Near-Perfect Sci-Fi Movies You Might Have Missed

Science fiction has such flexibility and breadth as a genre that it should come to no surprise that so many popular sci-fi movies get released worldwide year after year. With so many sci-fi projects crowding the cinema and various streaming services, it's easy to miss some hidden gems in the genre that don't enjoy the same publicized fanfare. This oversight affects even the most critically acclaimed sci-fi movies which, despite the buzz, don't always get the general audience awareness they truly deserve.

From indie darlings to foreign films that don't receive major attention during their international distribution, there are plenty of overlooked sci-fi movies. For the purposes of this list, we've narrowed it down to movies that have scored exceptionally high with critics' scores on Rotten Tomatoes, but don't seem to have the wider viewership or recognition, even among sci-fi fans. Here are some near-perfect sci-fi movies that you might have missed to enjoy on your next great sci-fi movie night.

The History of Future Folk (93%)

With acts like Flight of the Conchords and Garfunkel & Oates, it feels like comedy folk music duos are something of a lost art from the early 2000s. Whereas the aforementioned duos parlayed their comedy into television series, their contemporaries Future Folk opted to star in a feature film to capture their antics on-screen. Debuting in 2013 before finding a streaming home on Netflix the following year, "The History of Future Folk" released to rave reviews. The movie chronicles the musical duo's arrival on Earth and their attempts to work together to save the planet.

Even those unfamiliar with Future Folk's usual musical schtick will find plenty to love in "The History of Future Folk" and its titular duo. The tunes are catchy and funny while the idea of protagonist General Trius forming a loving family on Earth is oddly endearing. Lovingly lofi, the movie embraces the inherent silliness of two scarlet-armored aliens with a passion for bluegrass. Future Folk disbanded as a regular act in 2017, and while fans continue to hope for a reunion, "The History of Future Folk" captures them at their peak.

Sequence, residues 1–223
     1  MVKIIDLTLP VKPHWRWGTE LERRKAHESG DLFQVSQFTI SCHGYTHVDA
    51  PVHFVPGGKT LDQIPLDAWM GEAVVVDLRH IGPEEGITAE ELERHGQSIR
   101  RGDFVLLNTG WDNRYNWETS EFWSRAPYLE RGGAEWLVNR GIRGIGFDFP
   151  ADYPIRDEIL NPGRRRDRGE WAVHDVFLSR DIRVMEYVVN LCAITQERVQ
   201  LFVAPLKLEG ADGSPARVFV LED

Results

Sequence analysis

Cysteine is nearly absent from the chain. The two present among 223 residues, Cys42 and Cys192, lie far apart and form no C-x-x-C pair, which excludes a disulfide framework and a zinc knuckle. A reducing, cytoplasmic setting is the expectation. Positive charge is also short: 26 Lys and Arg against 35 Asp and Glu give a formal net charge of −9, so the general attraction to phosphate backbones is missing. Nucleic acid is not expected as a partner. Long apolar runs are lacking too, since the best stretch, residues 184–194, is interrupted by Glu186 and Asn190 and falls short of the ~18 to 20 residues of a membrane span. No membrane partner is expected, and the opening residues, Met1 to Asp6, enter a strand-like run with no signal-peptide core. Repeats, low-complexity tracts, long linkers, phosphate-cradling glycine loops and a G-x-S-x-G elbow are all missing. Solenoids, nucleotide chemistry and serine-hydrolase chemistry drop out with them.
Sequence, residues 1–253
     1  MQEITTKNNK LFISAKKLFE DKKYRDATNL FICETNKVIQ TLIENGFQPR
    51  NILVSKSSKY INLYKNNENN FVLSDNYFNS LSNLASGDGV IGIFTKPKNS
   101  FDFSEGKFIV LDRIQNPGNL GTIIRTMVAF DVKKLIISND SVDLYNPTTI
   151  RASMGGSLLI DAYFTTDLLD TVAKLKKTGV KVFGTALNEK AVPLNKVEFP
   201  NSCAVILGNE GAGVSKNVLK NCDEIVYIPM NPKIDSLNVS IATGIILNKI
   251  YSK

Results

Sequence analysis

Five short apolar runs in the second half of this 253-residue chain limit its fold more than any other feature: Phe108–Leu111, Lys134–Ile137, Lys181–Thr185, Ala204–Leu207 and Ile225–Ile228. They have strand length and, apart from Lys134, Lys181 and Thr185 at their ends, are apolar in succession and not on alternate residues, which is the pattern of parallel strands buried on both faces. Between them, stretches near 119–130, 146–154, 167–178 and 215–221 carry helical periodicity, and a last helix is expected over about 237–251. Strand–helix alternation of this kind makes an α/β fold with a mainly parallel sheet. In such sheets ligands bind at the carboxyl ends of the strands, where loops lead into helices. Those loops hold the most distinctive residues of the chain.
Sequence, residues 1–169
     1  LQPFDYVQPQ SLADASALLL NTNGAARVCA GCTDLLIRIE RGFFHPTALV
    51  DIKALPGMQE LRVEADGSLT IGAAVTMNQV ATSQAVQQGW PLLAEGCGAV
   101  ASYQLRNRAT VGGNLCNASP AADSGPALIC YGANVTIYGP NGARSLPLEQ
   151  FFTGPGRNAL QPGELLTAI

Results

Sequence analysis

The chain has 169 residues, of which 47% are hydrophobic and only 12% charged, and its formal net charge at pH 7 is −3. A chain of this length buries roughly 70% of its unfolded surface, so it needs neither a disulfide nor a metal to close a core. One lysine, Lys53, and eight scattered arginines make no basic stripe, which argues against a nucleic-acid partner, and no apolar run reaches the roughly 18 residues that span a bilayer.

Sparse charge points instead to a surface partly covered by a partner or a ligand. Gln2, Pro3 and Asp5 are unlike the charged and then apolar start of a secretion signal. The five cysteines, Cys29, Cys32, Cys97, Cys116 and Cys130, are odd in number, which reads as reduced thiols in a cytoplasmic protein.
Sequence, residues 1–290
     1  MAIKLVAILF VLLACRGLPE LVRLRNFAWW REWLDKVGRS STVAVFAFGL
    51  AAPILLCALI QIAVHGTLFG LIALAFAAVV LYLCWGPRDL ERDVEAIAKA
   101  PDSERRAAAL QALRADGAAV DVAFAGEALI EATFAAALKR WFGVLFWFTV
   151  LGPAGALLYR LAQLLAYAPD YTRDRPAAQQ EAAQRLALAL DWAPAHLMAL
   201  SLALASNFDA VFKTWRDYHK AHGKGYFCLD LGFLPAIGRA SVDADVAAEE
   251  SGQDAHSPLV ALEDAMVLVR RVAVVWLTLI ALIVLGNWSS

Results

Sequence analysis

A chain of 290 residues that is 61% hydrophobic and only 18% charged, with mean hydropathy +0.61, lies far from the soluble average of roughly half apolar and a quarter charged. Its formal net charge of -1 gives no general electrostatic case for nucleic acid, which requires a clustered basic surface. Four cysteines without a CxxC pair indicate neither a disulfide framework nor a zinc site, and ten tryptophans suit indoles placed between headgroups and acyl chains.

See You Yesterday (93%)

Produced by Spike Lee and directed and co-written by Stefon Bristol, 2019's Netflix original movie "See You Yesterday" (read our review) delivers its own take on the tried-and-true time travel subgenre. A teenage science prodigy named C.J. invents a time machine to mess with an ex-boyfriend. After losing her brother Calvin, C.J. decides to travel back and save her late brother from the police shooting where he was killed. However, the more C.J. tampers with history, the more unexpected and deadly consequences come with her time travel adventures.

"See You Yesterday" starts out as something of an homage to the greatest time travel movie of all-time, "Back to the Future," complete with a supporting role for Michael J. Fox. However, it lays out its time travel mechanics and sets the stage, the movie becomes a much more serious film with a pointed message. Throughout it all, the movie really is a story about the importance of moving forward rather than struggling to get back to a past that will never exist again. Well-crafted and with an exciting main cast, "See You Yesterday" is among the best Netflix sci-fi original movies.